Sunday, May 5, 2013

Bangladesh police break up Islamist protest in Dhaka

Police in Bangladesh have used stun grenades and rubber bullets to disperse a huge demonstration by Islamist protesters in the capital Dhaka.

Thousands fled as police took control of the central business district.

Up to half a million supporters of the group Hefazat-e Islam had gathered in the city to call for stronger Islamic policies. Rioters went on to set fire to shops and vehicles.

At least seven people were killed and 60 injured in clashes with police.

Some casualties suffered bullet wounds in the head, hospital sources say.

'Hang atheists'
Thousands of Islamist activists were seen fleeing the Motijheel area as police moved in to take control of the area, the BBC Bengali service reports.

Early on Monday, a police spokesman said officers had secured the business district and were searching for protesters hiding in nearby buildings.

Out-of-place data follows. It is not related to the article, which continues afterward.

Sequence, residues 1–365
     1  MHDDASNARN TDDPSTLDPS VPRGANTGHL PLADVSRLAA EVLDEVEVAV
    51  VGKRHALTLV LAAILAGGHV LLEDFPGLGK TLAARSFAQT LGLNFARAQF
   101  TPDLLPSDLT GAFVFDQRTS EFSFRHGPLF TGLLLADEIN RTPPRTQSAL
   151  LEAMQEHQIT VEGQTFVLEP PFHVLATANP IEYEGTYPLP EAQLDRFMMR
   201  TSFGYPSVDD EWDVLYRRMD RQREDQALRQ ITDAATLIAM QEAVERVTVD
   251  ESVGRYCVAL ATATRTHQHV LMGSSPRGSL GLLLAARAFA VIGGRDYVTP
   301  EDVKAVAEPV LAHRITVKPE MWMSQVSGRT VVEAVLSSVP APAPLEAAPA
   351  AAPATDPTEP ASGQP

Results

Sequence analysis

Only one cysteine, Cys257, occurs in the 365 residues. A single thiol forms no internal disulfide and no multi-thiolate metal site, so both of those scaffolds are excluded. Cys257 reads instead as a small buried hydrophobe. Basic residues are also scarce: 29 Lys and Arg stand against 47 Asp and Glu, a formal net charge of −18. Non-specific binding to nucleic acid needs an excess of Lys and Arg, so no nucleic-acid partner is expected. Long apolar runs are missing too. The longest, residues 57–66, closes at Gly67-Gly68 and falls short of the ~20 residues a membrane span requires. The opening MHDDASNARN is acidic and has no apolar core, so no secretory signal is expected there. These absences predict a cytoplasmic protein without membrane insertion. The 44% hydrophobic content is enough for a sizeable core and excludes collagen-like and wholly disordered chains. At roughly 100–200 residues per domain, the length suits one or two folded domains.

The area around the city centre's largest mosque had turned into a battleground as police reacted to stone-throwing rioters with tear gas, rubber bullets and truncheons.

On Sunday, crowds of protesters blocked main roads, isolating Dhaka from other parts of the country.
Dhaka's Daily Star newspaper reports that the group hired at least 3,000 vehicles, including buses, lorries and minibuses to bring demonstrators into the capital, while others travelled there by train.

Chanting "Allahu Akbar!" ("God is greatest!") and "One point! One demand! Atheists must be hanged", the activists marched down at least six main roads as they headed for Motijheel, AFP news agency reported

Three people have been killed and more than 60 injured in continuing clashes between police and Islamist activists in Bangladesh's capital Dhaka

Hefazat-e Islam wants greater segregation of men and women, as well as the imposition of stricter Islamic education. 

The movement draws its strength from the country's madrassahs, or religious schools.

Its opposition to a national development policy for women has angered women's groups.

The government, which describes Bangladesh as a secular democracy, has rejected Hefazat-e Islam's demand for a new law on blasphemy.

Prime Minister Sheikh Hasina said current legislation was adequate.

Muslims make up nearly 90% of the country's population, with the rest mostly Hindus.